The wonderful thought of getting lost in a forest of sunflowers is bringing thousands of Melbournians into Moorabool.
That’s what happened in early 2020 – and it’s happening again.
Greendale Sunflowers opened to the public this weekend – with reports of early morning queues on Saturday.
🌼Flower Power🌼 blessing your feed, yet again. These are our stunning winners for today. 😍😍😍😍 Don’t they look…Posted by Greendale Sunflowers on Thursday, February 25, 2021
** Pick-your-own-Sunflowers in Dunnstown has also been doing a roaring trade – after an overwhelming response this time last year.
It opened for picking earlier in the month and organiser Laiken Britt said the Navigators-Dunnstown Rd field was a hit with young and old.
EXTENDED OPENING HOURS FOR THE LAST DAY OF SUMMER ☀️ SUNDAY 28th FEB WE WILL HAVE TWILIGHT NIGHT for the last day of…Posted by Pick your own sunflowers on Friday, February 26, 2021
And while the ticketing calendar may look a little sparse at the moment, she said the sunflower season was far from over – and next week’s yet-to-be-announced sessions would include the chance to pick-your-own-corn in a neighbouring paddock.
“It’s been amazing – really fabulous,” she said.
“We’ve been busy scanning tickets all day and I’ll be doing this til 8 o’clock tonight (Sunday).”
** In Ballan, a mini-sunflower maze has sprung up in Caledonian Park, north of the town’s caravan park.
Organiser Kate Grigg said after a very ordinary 2020, her family got planting in November, wanting to spread what she called “some sunshiny love”.
Over the the last month, the tiny flower field has become one of the most-photographed features in Ballan.
What a beautiful display in Ballan. These sunflowers are super stunning! 🌻 Find them at Caledonian Park at the end of Jopling street.Posted by First National Rayner on Saturday, January 30, 2021
** Secretary of the Moorabool BizConnect networking group Moira Berry said sunflower farming was bringing tourists into the region at a time when international and interstate trips were not always an option.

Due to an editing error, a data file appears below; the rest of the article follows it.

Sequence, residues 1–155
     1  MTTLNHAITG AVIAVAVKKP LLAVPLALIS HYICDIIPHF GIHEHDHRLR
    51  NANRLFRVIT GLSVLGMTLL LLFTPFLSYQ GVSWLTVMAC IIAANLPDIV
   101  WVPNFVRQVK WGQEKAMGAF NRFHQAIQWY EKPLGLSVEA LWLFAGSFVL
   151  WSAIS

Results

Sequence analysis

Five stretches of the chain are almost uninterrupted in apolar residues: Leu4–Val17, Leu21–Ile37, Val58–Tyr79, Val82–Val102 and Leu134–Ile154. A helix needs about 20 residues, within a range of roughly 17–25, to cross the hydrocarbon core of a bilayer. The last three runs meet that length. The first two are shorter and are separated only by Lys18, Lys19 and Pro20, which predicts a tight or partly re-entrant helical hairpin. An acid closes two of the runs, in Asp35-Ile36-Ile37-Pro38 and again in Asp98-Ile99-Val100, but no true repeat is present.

“I spent Saturday at Greendale Sunflowers on Ballan-Greendale Rd and it was wonderful. There were 30 to 40 people there when I arrived and you could stay as long as you liked,” the Moorabool councillor said.
“Some of the sunflowers are 2m high. You could easily get lost in it. The kids had a ball.
“At first I thought I’d get a bunch of 10 or so, but the sunflowers are a lot bigger and heavier than you expect. I’m not sure I could have carried that many!”
Cr Berry said the operators were able to supply secateurs, but ideally people needed to bring their own. She also urged people to buy a drink or meal at businesses nearby.
“The sunflower farms are so worthwhile. Good on all these people for bringing something different to Moorabool.
“Let’s encourage new ideas and tourism in our shire. We really have so much to offer.
“With COVID19 settling down, I’d really like visitors to check out some of our backroads and beautiful scenic spots.
“We’re really growing as a tourism area and I think the arts tie in with that.
“I went to the open of the Bacchus Marsh Arts Council exhibition at the old ambulance station (on Friday) and I’d encourage people to have a look at that as well.
“I’d also like people to comment on Moorabool’s creative strategy as well because our shire has so much potential.”
Looking to the future. This is important if the Arts is ever to be a sustainable, community-affirming sector in Bacchus Marsh! Get involved and engage with this project.Posted by Bacchus Marsh Arts Council Inc on Thursday, February 18, 2021
** Meanwhile, fellow east ward councillor Tonia Dudzik also hit the road to Greendale, collecting 28 sunflowers for family and friends.
“We filled the back of the ute,” she said.
“My recommendation to visitors is to walk in and have a good look around, then cut your flowers on the way back to the car.”
** Got a story? Get in touch via the Moorabool Online Facebook page or drop us a line: email@example.com
Main image: The mini sunflower maze at Ballan’s Caledonian Park. Photo: FB Kate Grigg